Testosterone Therapy Drugs
Testosterone therapy drugs are advertised as effective in treating low testosterone, a condition that has been linked to causing loss of interest in sex, difficulty getting an erection, and tiredness and lack of energy to name a few. Multiple studies have revealed that not only are the drugs ineffective in treating such conditions, but also that the drugs can cause an increased risk of heart attack, stroke, and/or pulmonary embolism.
In June 2014, the FDA began requiring manufacturers of testosterone products to warn that their drug may cause a risk of blood clot in the veins. In 2015, the FDA required the manufacturers to again update their labels to warn of increased risk of heart attack and stroke.
At this time, GoldenbergLaw is no longer accepting new testosterone therapy drug cases.
Case Quick Facts
Testosterone therapy drugs were indicated by the FDA for treatment of the medical condition, hypogonadism, or low testosterone. Low testosterone (Low-T) is a disease where the body is unable to produce a normal amount of testosterone. Low-T has been linked to increased body fat, lethargy, poor erectile function, lowered sex drive, and reduced muscle mass.
Testosterone levels in the body, however, also naturally decline with age. Testosterone therapy drug makers have pushed the drug to treat Low-T, even in men who may be experiencing naturally declining testosterone levels. The drug makers have taken in billions annually from sales of their drugs.
Testosterone therapy drugs have been over promoted, are proven ineffective, and further cause dangerous medical events of heart attack, stroke and pulmonary embolism.
In 2014, the FDA began issuing alerts to healthcare providers requesting the report any side effects arising from these testosterone therapy products. It also indicated it was evaluating the medications for heart risks. That same year, it required the makers of testosterone therapy medications to warn of increased risk of blood clots. In 2015 the FDA required all testosterone therapy replacement manufacturers to warn of increased risk of:
- Heart attack
- Pulmonary embolism
There are many different types of testosterone therapy medication on the U.S. market produced by a number of different manufacturers. Some of these manufacturers include: Abbvie Inc., Abbott Laboratories, and Watson Laboratories.
Currently, a litigation against the above-listed manufacturers of testosterone therapy is ongoing in the Northern District of Illinois. All of the cases have been consolidated there, in what is called a multidistrict litigation (MDL). Recently, the first full trial against Abbvie, the maker of the testosterone therapy medication Androgel, resulted in a jury verdict against Abbvie for $150 million for falsely advertising the therapy medication. Many more cases are scheduled to be tried in the MDL over the next year. If you want to get your case heard and file a testosterone lawsuit, our team is the firm for you.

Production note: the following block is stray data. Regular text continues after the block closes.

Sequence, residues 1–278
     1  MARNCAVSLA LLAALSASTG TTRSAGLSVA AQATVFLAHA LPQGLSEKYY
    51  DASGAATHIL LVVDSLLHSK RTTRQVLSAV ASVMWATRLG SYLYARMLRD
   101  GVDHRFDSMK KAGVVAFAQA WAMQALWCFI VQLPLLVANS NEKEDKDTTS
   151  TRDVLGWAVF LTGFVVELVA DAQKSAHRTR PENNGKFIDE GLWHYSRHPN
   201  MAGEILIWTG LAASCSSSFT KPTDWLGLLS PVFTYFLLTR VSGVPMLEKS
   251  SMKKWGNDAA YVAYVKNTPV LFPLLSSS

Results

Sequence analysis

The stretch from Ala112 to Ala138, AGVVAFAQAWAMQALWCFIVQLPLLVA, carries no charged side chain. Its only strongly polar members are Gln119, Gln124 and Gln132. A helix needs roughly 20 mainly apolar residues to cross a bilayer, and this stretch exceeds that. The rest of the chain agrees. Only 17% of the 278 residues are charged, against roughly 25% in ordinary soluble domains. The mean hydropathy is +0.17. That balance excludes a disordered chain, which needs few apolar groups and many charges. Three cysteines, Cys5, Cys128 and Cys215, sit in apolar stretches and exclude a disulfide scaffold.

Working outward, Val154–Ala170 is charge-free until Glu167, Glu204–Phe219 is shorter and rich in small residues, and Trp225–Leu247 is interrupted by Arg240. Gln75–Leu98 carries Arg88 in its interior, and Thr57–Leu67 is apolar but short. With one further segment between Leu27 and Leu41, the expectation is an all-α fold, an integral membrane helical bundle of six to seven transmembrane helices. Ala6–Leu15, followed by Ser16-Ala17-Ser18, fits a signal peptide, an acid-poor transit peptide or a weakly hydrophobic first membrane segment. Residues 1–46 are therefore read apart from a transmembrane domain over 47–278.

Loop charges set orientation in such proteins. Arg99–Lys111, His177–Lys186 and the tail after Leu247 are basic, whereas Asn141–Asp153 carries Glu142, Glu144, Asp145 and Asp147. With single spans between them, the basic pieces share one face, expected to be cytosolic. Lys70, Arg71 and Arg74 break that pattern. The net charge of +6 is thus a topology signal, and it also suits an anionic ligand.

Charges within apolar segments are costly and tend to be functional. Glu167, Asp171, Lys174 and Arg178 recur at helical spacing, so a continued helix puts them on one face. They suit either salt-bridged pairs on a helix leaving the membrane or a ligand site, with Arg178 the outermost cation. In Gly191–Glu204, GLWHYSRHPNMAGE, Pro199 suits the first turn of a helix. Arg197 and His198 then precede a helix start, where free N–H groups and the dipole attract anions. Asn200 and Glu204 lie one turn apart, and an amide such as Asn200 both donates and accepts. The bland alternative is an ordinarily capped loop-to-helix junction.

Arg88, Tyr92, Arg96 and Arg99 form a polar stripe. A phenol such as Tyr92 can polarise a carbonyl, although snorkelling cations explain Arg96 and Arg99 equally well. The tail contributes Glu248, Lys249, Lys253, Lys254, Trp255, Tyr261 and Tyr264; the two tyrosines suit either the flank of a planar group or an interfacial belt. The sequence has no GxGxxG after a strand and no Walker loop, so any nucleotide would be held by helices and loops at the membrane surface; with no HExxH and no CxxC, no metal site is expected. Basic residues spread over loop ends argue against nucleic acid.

GoldenbergLaw is no longer accepting new testosterone therapy drug cases.
Studies and Reports
In 2010, a study by The New England Journal of Medicine followed a group of 209 men with an average age of 74 years. They found that the group that took the testosterone gel had higher rates of adverse events than the group that did not take the drug. Although the study was limited in sample size and diversity of participants, researchers were able to conclude that the application of a testosterone gel was associated with an increased risk of cardiovascular adverse events.
Studies and Reports
Another recent publication came from the Journal of the American Medical Association (JAMA) in November 2013. This study suggested men taking TT were at a 30 percent increased risk of stroke, heart attack and death.
Studies and Reports
In January 2014, a cohort study published in PLOS ONE assessed the risk of acute non-fatal myocardial infarction (heart attack) following an initial TT prescription. Researchers found a twofold increase in the risk of heart attack among men aged 65 years and older in the first 90 days of taking testosterone therapy. In men 65 years and younger with a pre-existing history of heart disease, the risk was two to threefold. The study did not find an increased risk among younger men who did not have pre-existing heart conditions.
Why Choose GoldenbergLaw?
If you find yourself in the middle of a testosterone therapy lawsuit, look no further than GoldenbergLaw. GoldenbergLaw has a wide array of experience when it comes to drug-related issues and lawsuits. Our team of testosterone therapy lawyers will make sure that your case is handled with care.